Domino Effects in the Process Industries

Domino Effects in the Process Industries

Modelling, Prevention and Managing

1st Edition - July 8, 2013

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  • Editors: Genserik Reniers, Valerio Cozzani
  • Hardcover ISBN: 9780444543233
  • eBook ISBN: 9780444543240

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Domino Effects in the Process Industries discusses state-of-the-art theories, conceptual models, insights and practical issues surrounding large-scale knock-on accidents—so-called domino effects—in the chemical and process industries. The book treats such extremely low-frequency phenomena from a technological perspective, studying possible causes and introducing several approaches to assess and control the risks of these scenarios. The authors also examine these events from a managerial viewpoint, discussing single and multi-plant management insights and requirements to take pro-active measures to prevent such events. Academics, regulators, and industrialists who study and analyze domino effects in order to prevent such events will find the book unique and highly valuable.

Key Features

  • Outlines available methods in analyzing these events, aiding understanding of the accidents and their causes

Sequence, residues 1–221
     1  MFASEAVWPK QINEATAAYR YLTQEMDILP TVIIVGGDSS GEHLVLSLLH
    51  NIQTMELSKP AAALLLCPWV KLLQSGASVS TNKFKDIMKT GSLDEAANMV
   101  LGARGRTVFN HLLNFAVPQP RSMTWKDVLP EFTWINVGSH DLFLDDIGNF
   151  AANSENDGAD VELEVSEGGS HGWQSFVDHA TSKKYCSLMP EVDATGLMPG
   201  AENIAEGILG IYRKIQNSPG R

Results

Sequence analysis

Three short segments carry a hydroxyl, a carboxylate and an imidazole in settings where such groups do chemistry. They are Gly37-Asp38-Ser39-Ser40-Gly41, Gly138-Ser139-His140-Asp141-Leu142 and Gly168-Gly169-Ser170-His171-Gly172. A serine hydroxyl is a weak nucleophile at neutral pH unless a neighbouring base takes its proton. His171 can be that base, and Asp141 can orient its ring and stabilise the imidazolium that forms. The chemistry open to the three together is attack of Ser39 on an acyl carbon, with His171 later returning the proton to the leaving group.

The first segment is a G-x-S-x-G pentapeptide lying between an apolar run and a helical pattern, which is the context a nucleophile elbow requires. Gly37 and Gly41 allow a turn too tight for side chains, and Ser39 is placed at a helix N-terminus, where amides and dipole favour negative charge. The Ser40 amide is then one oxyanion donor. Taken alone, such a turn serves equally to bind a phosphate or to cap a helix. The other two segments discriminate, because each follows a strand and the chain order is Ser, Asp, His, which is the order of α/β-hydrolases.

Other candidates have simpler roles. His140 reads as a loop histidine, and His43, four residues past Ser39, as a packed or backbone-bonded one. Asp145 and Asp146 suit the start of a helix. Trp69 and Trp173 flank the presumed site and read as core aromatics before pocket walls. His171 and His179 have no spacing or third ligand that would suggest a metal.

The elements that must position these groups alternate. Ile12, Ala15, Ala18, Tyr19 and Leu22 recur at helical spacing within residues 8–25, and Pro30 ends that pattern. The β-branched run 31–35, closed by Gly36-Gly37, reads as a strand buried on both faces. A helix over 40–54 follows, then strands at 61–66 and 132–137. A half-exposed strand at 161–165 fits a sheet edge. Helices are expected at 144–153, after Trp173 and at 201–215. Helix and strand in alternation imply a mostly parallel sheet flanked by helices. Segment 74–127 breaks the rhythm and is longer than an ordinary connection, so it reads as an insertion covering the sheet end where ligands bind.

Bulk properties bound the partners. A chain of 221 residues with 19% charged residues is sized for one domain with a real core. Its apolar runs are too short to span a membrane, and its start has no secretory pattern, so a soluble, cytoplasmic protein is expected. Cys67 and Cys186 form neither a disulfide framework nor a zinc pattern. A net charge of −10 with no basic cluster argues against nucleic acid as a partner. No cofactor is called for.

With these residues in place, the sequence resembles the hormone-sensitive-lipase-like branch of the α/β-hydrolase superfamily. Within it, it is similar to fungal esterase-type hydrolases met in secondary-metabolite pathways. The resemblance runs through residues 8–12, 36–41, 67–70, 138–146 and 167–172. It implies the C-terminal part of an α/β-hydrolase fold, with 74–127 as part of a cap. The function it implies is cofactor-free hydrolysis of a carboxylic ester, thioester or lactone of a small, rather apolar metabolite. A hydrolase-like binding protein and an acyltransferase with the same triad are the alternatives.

• Covers current modelling, control and management tactics of domino effects, -facilitating prevention
  • Identifies areas where new research is needed


Top- and line management within industrial sectors handling or storing hazardous substances, chemical engineers, bio-chemical engineers, environmental managers, safety and prevention managers, research centers on industrial safety and academic researchers.

Table of Contents

  • Preface

    List of Contributors

    1. Historical Background and State of the Art on Domino Effect Assessment

    1.1 Historical Background and Importance of Research on Domino Effects

    1.2 Safety and Security: Both Important for the Prevention of Domino Effects

    1.3 Domino Effects and Chemical Industrial Areas

    1.4 Contents of the Book


    Part I: Causes of Domino Effects

    2. Analysis of Past Accidents and Relevant Case-Histories

    2.1 Introduction

    2.2 The Analysis of Past Accidents

    2.3 Domino Effect Surveys